Mercyhurst University expands programs for nurses’ health

Deborah W. Morton

Mercyhurst University expands programs for nurses’ health

As the backbone of health care, nurses have traditionally faced challenges, but the pandemic has exacerbated a problem that many people outside the healthcare industry aren’t even aware of: nurse burnout.

Mounting patient volume combined with a dwindling supply of nurses has forced nurses to work more shifts and longer hours, further placing them at risk for experiencing burnout. According to a recent survey by Inspire Nurse Leaders, 53% cite challenges with inadequate staffing; 35% say it’s difficult to meet work and family demands; and 28% wish for more support programs for emotional needs and well-being.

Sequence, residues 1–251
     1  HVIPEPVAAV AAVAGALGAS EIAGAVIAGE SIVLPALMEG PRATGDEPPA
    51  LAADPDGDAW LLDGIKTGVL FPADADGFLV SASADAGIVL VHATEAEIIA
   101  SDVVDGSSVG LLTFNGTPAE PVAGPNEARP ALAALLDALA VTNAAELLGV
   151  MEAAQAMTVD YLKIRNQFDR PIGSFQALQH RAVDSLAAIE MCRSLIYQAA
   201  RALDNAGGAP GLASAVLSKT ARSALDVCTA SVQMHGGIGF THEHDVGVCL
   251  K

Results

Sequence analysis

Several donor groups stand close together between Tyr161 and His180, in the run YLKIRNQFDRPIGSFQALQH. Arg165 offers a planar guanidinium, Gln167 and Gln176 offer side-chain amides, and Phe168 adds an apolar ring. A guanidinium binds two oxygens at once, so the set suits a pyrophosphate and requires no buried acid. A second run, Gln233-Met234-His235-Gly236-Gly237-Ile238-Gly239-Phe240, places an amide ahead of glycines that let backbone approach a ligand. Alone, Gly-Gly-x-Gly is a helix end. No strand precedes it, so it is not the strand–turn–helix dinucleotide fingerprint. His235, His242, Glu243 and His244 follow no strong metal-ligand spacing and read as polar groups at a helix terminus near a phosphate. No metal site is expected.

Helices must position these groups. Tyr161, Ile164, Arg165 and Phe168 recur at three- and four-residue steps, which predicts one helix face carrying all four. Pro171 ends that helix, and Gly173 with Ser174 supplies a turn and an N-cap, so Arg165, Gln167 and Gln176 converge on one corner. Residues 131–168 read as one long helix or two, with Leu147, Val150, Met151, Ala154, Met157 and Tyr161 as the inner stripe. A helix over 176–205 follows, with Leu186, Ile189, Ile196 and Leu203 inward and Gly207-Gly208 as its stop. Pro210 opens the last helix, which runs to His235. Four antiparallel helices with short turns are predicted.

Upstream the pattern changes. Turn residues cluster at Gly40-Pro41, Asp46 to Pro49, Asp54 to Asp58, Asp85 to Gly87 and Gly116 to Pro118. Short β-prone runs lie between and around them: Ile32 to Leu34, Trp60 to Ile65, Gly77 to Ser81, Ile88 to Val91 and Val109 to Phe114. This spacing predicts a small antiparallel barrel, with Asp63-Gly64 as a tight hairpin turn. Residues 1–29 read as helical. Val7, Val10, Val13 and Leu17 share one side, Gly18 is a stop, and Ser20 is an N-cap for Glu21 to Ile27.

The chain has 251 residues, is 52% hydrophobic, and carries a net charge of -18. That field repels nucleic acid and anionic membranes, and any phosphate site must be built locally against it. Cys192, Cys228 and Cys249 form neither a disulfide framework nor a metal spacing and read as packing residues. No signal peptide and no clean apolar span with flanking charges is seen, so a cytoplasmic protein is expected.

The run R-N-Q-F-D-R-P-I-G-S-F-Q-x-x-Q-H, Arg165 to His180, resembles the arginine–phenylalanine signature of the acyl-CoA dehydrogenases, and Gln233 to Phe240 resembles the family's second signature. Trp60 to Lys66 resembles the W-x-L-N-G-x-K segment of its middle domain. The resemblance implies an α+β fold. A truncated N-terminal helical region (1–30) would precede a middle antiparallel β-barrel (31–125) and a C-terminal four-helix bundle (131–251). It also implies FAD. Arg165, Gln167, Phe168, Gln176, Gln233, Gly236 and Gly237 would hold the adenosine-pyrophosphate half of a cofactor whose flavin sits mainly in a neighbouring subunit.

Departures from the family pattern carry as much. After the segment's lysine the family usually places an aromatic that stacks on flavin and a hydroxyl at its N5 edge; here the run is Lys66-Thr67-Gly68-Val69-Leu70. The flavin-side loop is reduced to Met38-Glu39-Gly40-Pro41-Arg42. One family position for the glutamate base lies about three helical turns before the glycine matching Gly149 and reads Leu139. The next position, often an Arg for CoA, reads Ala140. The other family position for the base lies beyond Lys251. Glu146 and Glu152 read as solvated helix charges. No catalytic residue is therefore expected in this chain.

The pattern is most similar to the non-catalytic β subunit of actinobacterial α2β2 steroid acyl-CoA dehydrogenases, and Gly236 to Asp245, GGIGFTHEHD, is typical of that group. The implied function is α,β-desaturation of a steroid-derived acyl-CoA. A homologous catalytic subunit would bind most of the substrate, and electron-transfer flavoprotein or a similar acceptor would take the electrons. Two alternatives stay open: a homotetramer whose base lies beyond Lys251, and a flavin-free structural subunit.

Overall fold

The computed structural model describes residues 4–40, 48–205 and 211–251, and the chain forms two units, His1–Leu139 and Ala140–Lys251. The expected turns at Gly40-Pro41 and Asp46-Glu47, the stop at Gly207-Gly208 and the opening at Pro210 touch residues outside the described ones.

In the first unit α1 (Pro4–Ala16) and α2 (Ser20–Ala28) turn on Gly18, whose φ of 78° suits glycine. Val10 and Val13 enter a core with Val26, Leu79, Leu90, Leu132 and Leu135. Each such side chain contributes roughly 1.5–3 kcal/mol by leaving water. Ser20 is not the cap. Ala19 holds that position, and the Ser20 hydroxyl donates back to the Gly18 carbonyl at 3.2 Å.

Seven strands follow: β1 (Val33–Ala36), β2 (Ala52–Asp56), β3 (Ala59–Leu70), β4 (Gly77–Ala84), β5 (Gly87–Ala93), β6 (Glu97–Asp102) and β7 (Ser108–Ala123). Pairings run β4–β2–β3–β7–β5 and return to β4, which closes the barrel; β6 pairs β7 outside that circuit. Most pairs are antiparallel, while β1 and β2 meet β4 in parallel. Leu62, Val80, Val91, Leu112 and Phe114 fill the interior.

Kay Edinger, B.S.N., R.N., would know.

“Certainly I’ve faced burnout during my career, but definitely at the height of the COVID crisis,” she said. “The responsibility of trying to keep everyone safe can be crushing.”

Edinger is a 23-year employee of Saint Vincent Hospital, part of the Allegheny Health Network, where she serves as nurse manager of Labor and Delivery and the Mother-Baby Unit.